Handmade blanket under the changing table along with her other blankets, wipes and hand sanitizer at the ready, extra diapers, covers and diaper cream hanging above the changing area. I also installed an led touch light above the changing area for nighttime diaper changes. 

More diaper storage, extra wipes and baby toiletries 

art for Echo's room, the bottom one was a wedding gift from a coworker and the top one is an original watercolor I bought in Puerto Rico (Echo's first trip overseas, even though she was still in my tummy)

Wooden shelf for holding small toys, I also put our wedding cake toppers on here so mommy and daddy can watch over her :-)

The quilt hanging over the rocker was made by one of Eric's family members for us, the rocker was one that my mom used to rock me on as a baby and she and dad refinished it for me. We added a little clip lamp for reading and you can see my awesome diaper bag to the left of the rocker. 

My shelf of children's books and a cute cloth covered box which is currently storing her nice baby blankets. 

Crib with baby quilt from my friend Mary and a mobile made by one of Eric's family members

More art, these are all from etsy. 
 I'm so excited to have Echo's room all ready! Can't wait for her to get here!

Cayenne Pepper Sauce

My garden is looking pretty sad right now. I'm sorry to say I have pretty much abandoned it for the time being, working outside in the heat just isn't high on my list of things to do while being super pregnant. I  had a great time with it and will definitely pick it up again next year though! I learned a lot in my first year of gardening, mainly which crops work for me and which don't. Things I had great success with were my cucumbers, radishes, tomatoes and cayenne peppers. This that were a flop include cilantro and many of the other things I tried to grow from seed. Next year I will probably buy more already established plants and less seeds to start out. I still have some sweet potatoes going so I will wait and see how those turn out.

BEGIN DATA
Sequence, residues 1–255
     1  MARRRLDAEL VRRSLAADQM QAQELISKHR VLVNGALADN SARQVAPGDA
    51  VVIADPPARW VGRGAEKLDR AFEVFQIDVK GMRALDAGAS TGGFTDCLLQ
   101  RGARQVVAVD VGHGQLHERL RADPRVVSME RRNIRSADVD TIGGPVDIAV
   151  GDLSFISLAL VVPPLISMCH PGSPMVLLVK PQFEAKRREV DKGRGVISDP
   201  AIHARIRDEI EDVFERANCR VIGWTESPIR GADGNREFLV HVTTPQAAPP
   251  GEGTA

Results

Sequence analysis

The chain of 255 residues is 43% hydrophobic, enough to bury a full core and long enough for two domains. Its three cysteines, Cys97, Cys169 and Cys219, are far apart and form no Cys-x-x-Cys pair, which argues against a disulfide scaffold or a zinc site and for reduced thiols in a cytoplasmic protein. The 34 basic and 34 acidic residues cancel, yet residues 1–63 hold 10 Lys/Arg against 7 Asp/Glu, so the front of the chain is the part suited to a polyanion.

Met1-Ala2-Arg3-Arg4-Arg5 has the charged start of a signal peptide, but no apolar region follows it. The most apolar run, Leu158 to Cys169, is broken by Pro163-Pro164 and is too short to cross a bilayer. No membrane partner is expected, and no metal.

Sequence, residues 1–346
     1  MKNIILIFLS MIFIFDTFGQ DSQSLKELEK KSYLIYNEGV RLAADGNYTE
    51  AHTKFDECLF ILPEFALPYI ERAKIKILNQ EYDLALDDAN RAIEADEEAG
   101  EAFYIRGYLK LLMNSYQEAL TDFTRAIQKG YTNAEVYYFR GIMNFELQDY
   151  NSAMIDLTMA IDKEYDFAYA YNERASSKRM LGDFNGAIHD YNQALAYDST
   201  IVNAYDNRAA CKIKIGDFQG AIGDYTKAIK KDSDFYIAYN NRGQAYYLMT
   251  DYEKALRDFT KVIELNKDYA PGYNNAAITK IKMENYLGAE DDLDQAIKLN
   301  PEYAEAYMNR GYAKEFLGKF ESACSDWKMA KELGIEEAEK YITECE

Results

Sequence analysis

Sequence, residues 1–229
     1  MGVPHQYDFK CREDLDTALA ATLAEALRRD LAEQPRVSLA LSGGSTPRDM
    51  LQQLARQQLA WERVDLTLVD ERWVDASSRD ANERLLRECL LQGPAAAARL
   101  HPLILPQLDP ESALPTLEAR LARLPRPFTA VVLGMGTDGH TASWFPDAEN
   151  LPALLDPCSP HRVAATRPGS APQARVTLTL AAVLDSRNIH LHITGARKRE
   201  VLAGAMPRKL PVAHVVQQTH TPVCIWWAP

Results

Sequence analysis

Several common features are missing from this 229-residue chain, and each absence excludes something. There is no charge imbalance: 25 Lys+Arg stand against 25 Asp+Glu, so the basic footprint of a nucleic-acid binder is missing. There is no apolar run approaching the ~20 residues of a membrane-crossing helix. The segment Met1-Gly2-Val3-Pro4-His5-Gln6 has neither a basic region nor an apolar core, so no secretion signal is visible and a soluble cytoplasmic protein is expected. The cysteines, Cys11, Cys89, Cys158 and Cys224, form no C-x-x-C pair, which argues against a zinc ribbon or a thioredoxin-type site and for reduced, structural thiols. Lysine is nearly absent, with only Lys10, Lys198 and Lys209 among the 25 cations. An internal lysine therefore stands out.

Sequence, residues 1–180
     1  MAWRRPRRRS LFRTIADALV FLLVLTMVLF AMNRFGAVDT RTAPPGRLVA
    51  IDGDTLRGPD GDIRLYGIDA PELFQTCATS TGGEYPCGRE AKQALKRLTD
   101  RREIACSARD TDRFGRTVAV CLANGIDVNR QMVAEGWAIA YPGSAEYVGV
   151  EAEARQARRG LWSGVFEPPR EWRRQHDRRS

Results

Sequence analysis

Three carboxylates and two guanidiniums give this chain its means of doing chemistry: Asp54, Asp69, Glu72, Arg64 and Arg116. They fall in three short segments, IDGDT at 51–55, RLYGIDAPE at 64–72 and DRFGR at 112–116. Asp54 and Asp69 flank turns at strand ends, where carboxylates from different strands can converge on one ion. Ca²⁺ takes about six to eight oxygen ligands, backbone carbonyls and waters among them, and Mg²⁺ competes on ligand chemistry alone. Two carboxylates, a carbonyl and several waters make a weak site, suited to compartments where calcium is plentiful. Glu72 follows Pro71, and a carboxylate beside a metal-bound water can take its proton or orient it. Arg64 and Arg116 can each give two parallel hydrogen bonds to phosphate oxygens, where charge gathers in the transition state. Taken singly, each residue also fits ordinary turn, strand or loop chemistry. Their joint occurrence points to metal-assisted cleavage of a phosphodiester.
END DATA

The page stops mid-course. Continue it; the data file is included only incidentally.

Anyway, much like my cucumber crop I had a huge amount of cayenne peppers and didn't quite know what to do with them. One of the cool things about cayenne peppers is that they are really easy to dry. Basically all you have to do is set them aside in a dry place and wait. You can speed up the process by using a heat source like your oven or the sun but if you have time you can just leave them lying out and they will dry up nicely. Since I didn't know what to do with all of mine I just let them slowly dry until I came up with an idea, hot sauce! So easy to make and so delicious! Here is the recipe I used.